Saturday, December 13, 2014

PD and Gastrointestinal Issues

I have written a previous article on autonomic dysfunction related to PD which includes gastrointestinal (GI) issues.  None of the PD symptoms are fun to talk about, but this is one of the least "savory" but most important in terms of impact on quality of life.  

It is extremely common for PWPs to have problems with constipation.  For me personally, I would rank this one right up there with getting a good nights sleep in terms of it's potential to impact the way I feel on a daily basis.  I was diagnosed early in 2008 and mild constipation became noticeable within the first year or so.  I managed it well enough with prunes, a laxative called Prunelax, adding fiber to my diet, and doing my best to stay hydrated (very important).  For the last six months or so, I have noticed that I feel bloated pretty much all the time to the point where I feel like I have swallowed a balloon even when I haven't eaten much.

The ways in which Parkinson’s disease can increase the risk of constipation include:
  • Lack of dopamine (a neurotransmitter) in the brain – impairs control of muscle movement throughout the body. Bowel muscles can become slow and rigid.
  • Uncoordinated bowel motions – the bowel muscles may be weak and unable to contract, or they may clench instead of relaxing when trying to pass a motion.
My movement disorder neurologist came up with a game plan to try to deal with this problem.  He started by prescribing carbidopa (the ingredient in Sinemet, which is a combination of carbidopa and levodopa, that enables the levodopa to cross the blood brain barrier in order to control many PD symptoms).  Apparently, there was a chance that this might help with my GI problems.  After about a week, I didn't notice and improvement plus I was experiencing significant dizziness and fatigue, so I stopped taking it.  He had also recommended taking Gas-X to help eliminate gas and reduce bloating. Unfortunately, that hasn't really helped either.

The next step was a prescription for a drug named domperidone (sounds much like the expensive champagne), which is described on the Mayo Clinic website as "a medicine that increases the movements or contractions of the stomach and bowel."  This drug is not available in the U.S., but is available online from Canadian pharmacies (prescription required).  This medication sounds promising.  I have it on order and will share its effectiveness (or lack thereof) once I have taken it.  Meanwhile, I thought this info was important enough to share with the PD community.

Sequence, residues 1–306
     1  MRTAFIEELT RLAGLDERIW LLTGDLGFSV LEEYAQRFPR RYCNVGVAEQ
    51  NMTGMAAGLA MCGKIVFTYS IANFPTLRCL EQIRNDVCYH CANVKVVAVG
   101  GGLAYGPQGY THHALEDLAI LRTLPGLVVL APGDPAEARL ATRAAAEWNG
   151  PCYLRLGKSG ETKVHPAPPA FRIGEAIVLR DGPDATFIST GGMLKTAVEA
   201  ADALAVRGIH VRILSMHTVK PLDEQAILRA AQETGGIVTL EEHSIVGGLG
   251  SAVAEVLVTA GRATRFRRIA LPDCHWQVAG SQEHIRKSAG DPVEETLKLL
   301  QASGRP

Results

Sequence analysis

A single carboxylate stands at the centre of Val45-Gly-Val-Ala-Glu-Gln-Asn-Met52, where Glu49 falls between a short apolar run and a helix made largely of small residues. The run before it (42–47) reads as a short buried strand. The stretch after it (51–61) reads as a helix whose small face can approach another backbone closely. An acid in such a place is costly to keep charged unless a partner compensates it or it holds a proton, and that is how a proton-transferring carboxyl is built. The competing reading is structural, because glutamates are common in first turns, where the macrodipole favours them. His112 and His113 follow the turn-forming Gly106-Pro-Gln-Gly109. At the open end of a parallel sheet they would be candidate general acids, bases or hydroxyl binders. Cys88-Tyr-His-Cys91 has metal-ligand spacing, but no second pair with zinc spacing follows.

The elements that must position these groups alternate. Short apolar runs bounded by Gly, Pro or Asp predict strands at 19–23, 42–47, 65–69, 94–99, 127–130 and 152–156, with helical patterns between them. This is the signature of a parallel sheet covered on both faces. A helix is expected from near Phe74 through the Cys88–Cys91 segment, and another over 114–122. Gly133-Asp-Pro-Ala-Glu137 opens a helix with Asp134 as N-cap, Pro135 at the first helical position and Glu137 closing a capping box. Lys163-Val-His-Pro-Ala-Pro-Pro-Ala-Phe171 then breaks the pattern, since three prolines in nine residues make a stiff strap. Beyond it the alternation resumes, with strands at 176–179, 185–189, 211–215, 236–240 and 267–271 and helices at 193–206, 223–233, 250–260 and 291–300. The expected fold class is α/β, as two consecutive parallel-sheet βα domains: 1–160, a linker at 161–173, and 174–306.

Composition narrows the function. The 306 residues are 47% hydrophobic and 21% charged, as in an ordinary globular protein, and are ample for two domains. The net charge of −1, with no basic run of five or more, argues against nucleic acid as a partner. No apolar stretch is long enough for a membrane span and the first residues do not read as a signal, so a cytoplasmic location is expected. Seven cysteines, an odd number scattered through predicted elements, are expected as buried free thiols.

Update 12/28: I have been taking the domperidone for only 24 hours, but it is already helping a lot!  If interested, ask your doctor about it.

Tuesday, December 9, 2014

A Christmas Wish

Linda and I met the amazing and talented illustrator for my Shaky Paws children's books 

(, Alison Paolini, at her home in Paradise, CA in October.

Alison is a 78 year old PWP and accomplished artist. She will be moving to Canoga Park

just north of LA in the near future to live with one of her daughters. I am trying to help

Alison with her wish to have her fantastic collection of paintings (oil, water color,

sketches, framed & unframed, diverse subjects) sold to raise money for Parkinson's

research! A friend will be transporting the paintings to LA in December.  I hope all my 

PD friends will share this with their networks in LA. What is needed is  to put 

together some type of PD (or other-like a hospital) event in the LA area or tie into an 

existing one. 

I am going to try to channel Mickey Rooney so that all "us kids" can work together to find 

a way to make Alison's wish come true!  If I were Mickey, I would have a great idea for a

show and pull together the resources to make it happen.  This is where I need help. 

Anyone connected with the "PD world" in the LA area or who knows anyone in the 

LA area that might have ideas, connections, or be willing to help put together such 

an event, please email me at